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class base{
    virtual void fn() {


class der1 : public base {
    void fn() {


class der2 : public der1 {
    virtual void fn() {


I have another question.In definition of class der1, I have not mention "virtual" while redefining function fn. Has it any effect while creating V table

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If you have another question, you'll probably get better answers for both by asking it separately. – Nathan Fellman Aug 24 '11 at 10:13
It could be anything from zero to "infinite". – R. Martinho Fernandes Aug 24 '11 at 10:15
I don't understand your question... What V table (there's nothing on what you posted that's called V)? – m0skit0 Aug 24 '11 at 10:18
@R. Martin: For sure it could not be "infinite", for all resources are finite. "Arbitrarily many" is perhaps the right term. :-) – Kerrek SB Aug 24 '11 at 10:22
@Kerrek, yeah, I know, that's why I scare quoted it. – R. Martinho Fernandes Aug 24 '11 at 10:26

4 Answers 4

As already mentioned, vtable is a compiler/platform specific implementation detail, so there is no general answer.

I have another question.In definition of class der1, I have not mention "virtual" while redefining function fn. Has it any effect while creating V table

Since the function fn() has been defined as virtual in the base class, all subclass implementations are also virtual by definition (thus overriding the base class implementation), regardless of whether they are explicitly declared so. So the vtable will contain them (if the specific compiler generates one).

You can easily test this by making base::fn() pure virtual. If declaring der1::fn() virtual made a difference, you could not instantiate der1 without it.

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There can be no concrete answer for this because Virtualism is left out as an implementation detail of compilers.
The C++ standard does not talk about vptr or vtable at all. The answer for this can vary from each compiler to compiler.

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So, as the pedantic answers implied: the C++ language does not mention v-tables, it's an implementation details that all major compilers used, as it's relatively simple and very efficient (because it's so used, optimizations are well-known).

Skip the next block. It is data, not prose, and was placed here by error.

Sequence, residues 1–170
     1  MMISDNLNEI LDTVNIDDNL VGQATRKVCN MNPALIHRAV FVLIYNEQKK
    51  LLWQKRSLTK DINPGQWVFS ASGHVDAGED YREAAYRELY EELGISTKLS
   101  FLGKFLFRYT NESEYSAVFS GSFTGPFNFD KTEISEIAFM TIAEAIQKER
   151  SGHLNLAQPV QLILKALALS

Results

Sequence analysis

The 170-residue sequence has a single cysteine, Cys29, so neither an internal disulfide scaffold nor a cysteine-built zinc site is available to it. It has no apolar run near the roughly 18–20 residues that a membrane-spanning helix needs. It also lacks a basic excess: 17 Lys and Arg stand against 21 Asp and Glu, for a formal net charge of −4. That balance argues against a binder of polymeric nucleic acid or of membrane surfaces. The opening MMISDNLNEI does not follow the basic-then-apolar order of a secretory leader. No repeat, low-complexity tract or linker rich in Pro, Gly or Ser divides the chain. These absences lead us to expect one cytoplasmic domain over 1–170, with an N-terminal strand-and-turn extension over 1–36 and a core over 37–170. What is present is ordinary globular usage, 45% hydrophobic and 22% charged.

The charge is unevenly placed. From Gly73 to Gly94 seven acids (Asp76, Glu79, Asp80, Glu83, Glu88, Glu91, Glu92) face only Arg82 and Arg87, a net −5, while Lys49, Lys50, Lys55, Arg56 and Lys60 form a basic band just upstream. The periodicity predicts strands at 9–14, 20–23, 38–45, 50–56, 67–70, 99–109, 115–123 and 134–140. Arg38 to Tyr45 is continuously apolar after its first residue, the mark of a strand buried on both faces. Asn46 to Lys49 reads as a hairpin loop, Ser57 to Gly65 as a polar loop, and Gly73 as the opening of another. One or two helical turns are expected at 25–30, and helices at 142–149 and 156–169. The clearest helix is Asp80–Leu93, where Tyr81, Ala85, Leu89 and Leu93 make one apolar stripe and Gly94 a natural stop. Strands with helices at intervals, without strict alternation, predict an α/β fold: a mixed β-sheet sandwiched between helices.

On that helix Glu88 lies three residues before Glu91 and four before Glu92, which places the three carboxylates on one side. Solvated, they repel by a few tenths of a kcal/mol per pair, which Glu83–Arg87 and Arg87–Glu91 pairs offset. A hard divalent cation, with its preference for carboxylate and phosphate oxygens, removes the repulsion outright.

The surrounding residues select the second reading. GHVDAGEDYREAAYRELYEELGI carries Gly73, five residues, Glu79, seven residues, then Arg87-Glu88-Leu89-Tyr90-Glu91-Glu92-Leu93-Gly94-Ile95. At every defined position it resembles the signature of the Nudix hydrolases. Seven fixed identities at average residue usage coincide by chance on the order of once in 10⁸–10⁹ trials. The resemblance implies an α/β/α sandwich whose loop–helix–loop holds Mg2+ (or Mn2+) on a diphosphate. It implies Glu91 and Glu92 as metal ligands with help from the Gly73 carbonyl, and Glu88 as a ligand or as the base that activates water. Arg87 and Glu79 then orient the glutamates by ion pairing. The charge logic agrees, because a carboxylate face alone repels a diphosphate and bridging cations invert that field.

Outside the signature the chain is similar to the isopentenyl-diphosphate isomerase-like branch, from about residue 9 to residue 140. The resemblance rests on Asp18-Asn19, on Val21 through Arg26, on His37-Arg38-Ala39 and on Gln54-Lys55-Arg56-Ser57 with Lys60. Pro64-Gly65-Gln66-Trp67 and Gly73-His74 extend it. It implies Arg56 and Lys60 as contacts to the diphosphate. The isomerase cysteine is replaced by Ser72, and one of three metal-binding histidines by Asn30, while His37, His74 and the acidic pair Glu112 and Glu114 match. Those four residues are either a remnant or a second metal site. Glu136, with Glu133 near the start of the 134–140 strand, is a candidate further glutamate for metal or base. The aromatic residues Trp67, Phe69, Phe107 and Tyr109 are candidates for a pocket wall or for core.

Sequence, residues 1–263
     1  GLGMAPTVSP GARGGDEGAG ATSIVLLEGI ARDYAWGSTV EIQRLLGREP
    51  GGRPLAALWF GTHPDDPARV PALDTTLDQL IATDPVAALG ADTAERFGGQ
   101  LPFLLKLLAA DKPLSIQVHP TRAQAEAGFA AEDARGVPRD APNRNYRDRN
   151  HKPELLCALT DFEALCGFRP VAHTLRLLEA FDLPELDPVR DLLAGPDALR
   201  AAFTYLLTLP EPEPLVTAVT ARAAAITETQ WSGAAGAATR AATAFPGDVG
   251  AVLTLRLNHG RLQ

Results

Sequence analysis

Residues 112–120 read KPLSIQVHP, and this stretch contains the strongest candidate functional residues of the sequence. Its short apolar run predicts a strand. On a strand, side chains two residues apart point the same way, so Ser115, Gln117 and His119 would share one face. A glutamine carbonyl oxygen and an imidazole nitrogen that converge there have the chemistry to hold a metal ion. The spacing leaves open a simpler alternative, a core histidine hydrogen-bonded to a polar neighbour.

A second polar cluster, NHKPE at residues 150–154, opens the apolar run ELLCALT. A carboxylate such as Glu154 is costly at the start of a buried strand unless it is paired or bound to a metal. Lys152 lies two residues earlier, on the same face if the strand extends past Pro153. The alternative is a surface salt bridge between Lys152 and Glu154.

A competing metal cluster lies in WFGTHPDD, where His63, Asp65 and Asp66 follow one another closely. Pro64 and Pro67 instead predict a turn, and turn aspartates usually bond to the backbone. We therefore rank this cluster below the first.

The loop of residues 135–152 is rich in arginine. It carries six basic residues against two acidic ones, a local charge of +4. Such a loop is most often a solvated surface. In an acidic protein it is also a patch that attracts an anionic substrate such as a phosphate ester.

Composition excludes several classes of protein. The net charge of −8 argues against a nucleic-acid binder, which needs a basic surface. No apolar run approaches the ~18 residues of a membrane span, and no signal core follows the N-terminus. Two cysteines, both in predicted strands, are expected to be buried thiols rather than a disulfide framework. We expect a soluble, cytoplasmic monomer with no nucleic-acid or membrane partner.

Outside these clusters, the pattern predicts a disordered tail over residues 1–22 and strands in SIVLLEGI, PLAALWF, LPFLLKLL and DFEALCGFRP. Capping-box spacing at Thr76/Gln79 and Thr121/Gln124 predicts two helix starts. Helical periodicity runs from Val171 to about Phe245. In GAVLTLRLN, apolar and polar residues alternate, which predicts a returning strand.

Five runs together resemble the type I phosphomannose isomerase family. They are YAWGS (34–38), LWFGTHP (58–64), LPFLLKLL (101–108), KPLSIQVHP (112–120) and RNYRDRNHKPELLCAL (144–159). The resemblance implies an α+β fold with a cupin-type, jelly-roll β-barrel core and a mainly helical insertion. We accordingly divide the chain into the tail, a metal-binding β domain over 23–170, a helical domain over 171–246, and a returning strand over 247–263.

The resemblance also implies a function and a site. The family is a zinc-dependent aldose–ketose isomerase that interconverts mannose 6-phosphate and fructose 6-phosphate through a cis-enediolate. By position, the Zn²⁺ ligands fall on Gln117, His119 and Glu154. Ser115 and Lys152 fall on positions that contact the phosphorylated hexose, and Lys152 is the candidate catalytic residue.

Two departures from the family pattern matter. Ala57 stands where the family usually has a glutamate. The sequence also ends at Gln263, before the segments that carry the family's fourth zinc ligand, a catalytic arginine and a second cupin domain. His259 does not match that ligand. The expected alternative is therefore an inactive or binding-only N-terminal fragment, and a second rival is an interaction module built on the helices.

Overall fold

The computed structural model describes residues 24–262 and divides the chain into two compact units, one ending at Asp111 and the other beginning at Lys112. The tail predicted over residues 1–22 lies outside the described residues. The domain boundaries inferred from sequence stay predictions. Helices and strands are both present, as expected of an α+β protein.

With that said, the typical answer is that there will be one v-table per class containing virtual functions. Some may be optimized out, if proved to be unused.

Typically, it could be unnecessary to generate a v-table for an abstract class, as it cannot be instantiated. However calling virtual functions in constructors and destructors is still allowed (though the effects are not always those expected), so compilers usually generate a v-table and simply set the entries to the pure virtual functions to null.

Therefore, your answer is probably 3.

The following implies a compiler such as GCC which implements the Itanium C++ ABI.

You can actually verify this 3 by generating a library and dumping the symbols (v-tables and typeinfo symbols are generated for classes with virtual functions):

$ nm | grep Foo
00000000012a48b0 V _ZTIN3FooE
0000000000e0fca0 V _ZTSN3FooE
00000000012a4620 V _ZTVN3FooE

$ nm | grep Foo | c++filt
00000000012a48b0 V typeinfo for Foo
0000000000e0fca0 V typeinfo name for Foo
00000000012a4620 V vtable for Foo

The prefixes to look for are _ZTIN, _ZTSN and _ZTVN for (resp.) the typeinfo, typeinfo name and vtable.

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How many V table will be created in the following code?

The question can not be answered.
Nor do you want to know, nor should you care. It makes no difference in how your code is used or works.

I have another question.

Ok Listening.

In definition of class der1, I have not mention "virtual" while redefining function fn.

Because the definition of 'void fn()' is exactly the same as in the base class it inherits the virtual attribute of the function it is overriding. Thus it is also virtual.

Has it any effect while creating V table

There is no way to tell. As V-Table have nothing to do with the C++ language (they are what the compiler does behind the code, if it even uses a V-table (which it may not)).

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